Crimp (joining)

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A crimper for coaxial connectors
F connectors crimped on to coaxial cable. The bottom middle cable is missing its crimping collar.

Crimping is joining two pieces of metal or other ductile material (usually a wire and a metal plate) by deforming one or both of them to hold the other. The bend or deformity is called the crimp.

Process[edit]

Typically, the metals are joined together via a special connector. Stripped wire (often stranded) is inserted through the correctly sized opening of the connector, and a crimper is used to tightly squeeze the opening against the wire. Depending on the type of connector used, it may be attached to a metal plate by a separate screw or bolt or it could be simply screwed on using the connector itself to make the attachment like an F connector.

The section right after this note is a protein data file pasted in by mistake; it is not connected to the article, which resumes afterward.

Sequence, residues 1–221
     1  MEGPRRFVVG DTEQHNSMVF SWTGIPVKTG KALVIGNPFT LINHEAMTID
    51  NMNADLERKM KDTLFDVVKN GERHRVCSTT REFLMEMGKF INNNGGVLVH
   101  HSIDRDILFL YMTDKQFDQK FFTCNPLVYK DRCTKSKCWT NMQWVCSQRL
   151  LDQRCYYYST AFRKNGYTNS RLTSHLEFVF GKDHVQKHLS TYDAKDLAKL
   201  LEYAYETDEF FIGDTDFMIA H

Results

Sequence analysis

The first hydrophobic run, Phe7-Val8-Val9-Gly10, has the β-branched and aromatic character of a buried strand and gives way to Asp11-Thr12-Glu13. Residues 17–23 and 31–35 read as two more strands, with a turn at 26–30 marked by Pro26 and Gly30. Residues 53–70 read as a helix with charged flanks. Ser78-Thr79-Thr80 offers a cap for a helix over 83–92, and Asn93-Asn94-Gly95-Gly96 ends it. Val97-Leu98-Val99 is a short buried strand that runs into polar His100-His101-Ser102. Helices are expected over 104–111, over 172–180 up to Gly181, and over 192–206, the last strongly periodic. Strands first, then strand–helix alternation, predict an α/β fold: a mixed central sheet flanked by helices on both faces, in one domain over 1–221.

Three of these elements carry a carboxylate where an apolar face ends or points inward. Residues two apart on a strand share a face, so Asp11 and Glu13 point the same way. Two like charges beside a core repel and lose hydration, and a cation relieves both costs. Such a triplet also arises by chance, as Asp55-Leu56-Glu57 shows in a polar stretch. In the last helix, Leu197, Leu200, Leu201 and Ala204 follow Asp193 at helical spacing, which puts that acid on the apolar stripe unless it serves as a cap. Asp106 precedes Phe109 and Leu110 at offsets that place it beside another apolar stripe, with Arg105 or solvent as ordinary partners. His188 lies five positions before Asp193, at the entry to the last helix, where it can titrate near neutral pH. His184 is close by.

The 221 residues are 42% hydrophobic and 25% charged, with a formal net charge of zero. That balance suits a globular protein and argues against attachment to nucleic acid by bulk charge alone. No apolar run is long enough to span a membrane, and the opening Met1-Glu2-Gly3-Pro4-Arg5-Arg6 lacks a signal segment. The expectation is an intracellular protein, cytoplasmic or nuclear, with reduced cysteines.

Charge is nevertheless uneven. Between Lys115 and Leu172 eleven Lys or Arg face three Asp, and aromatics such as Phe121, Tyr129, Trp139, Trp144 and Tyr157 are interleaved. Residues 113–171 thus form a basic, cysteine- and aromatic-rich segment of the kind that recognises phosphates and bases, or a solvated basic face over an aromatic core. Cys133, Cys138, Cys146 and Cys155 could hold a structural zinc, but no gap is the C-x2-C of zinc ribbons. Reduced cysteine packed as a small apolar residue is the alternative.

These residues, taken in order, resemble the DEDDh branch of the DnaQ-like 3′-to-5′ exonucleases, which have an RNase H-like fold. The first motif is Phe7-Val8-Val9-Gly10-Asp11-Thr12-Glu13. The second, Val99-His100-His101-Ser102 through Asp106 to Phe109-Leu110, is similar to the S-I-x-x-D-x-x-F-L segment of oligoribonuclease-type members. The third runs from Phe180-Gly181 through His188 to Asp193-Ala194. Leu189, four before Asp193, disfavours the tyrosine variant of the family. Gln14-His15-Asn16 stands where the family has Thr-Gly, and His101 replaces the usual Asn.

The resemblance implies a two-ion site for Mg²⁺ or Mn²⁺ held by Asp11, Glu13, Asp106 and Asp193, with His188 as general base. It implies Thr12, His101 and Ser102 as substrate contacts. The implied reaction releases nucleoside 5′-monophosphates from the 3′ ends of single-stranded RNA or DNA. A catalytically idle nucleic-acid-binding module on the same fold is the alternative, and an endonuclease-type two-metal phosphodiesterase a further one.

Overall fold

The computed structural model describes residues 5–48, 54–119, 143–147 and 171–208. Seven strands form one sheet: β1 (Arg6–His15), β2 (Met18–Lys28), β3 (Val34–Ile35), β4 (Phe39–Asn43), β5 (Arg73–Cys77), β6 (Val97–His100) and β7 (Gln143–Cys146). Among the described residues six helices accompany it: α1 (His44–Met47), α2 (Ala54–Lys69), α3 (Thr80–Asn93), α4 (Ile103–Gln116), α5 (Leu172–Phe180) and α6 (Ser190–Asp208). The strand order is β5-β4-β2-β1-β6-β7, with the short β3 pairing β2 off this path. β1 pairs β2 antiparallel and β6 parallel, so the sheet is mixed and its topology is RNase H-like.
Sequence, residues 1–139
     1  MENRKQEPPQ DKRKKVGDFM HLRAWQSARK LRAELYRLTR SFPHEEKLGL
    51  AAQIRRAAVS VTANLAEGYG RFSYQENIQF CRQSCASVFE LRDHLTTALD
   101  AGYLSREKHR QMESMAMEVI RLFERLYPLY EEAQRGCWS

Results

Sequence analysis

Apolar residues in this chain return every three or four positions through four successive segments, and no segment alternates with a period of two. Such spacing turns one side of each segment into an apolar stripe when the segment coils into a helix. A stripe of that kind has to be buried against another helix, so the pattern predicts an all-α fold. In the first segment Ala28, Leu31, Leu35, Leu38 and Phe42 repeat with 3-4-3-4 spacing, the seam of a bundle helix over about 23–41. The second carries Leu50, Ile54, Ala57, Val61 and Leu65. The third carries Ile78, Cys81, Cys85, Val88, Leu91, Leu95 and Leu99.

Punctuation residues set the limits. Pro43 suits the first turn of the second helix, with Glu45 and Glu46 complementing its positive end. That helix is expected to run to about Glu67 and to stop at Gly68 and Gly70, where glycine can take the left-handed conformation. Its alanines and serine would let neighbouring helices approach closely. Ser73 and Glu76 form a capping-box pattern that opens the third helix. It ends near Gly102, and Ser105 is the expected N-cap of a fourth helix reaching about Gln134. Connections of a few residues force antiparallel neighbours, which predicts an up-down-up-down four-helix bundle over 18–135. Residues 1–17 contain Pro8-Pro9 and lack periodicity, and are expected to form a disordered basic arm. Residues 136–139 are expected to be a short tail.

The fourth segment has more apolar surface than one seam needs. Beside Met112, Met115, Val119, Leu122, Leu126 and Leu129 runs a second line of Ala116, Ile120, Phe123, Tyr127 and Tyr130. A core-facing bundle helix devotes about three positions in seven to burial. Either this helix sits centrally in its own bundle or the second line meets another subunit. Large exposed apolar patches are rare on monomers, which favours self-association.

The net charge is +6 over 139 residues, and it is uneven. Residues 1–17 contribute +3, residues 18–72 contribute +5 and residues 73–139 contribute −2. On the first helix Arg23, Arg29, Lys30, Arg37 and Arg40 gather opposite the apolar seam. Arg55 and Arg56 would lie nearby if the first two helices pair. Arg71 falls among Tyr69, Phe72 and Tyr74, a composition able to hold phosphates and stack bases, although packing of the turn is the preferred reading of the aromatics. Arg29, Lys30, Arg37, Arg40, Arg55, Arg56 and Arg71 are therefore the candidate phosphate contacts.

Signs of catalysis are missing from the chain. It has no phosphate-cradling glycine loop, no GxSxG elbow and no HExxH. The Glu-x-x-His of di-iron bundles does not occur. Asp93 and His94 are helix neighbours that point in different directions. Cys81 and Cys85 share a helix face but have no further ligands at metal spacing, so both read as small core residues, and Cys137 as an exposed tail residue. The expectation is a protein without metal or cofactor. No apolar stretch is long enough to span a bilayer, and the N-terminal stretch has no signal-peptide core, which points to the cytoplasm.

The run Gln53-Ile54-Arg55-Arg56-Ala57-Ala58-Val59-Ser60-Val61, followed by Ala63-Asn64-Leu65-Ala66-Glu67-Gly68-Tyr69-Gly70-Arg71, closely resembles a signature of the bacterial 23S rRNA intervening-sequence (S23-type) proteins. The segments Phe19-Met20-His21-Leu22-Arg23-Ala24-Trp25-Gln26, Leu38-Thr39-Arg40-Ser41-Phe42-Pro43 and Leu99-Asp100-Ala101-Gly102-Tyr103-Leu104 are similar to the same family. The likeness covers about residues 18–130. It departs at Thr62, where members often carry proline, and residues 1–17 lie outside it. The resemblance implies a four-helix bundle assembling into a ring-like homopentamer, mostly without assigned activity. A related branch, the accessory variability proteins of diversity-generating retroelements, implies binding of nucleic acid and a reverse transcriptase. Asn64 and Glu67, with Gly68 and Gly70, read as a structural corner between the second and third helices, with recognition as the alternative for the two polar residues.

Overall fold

Uses[edit]

Crimping is most extensively used in metalworking. Crimping is commonly used to fix bullets in their cartridge cases, for rapid but lasting electrical connections, securing lids on metal food cans, and many other applications. Because it can be a cold-working technique, crimping can also be used to form a strong bond between the workpiece and a non-metallic component.

See also[edit]

References[edit]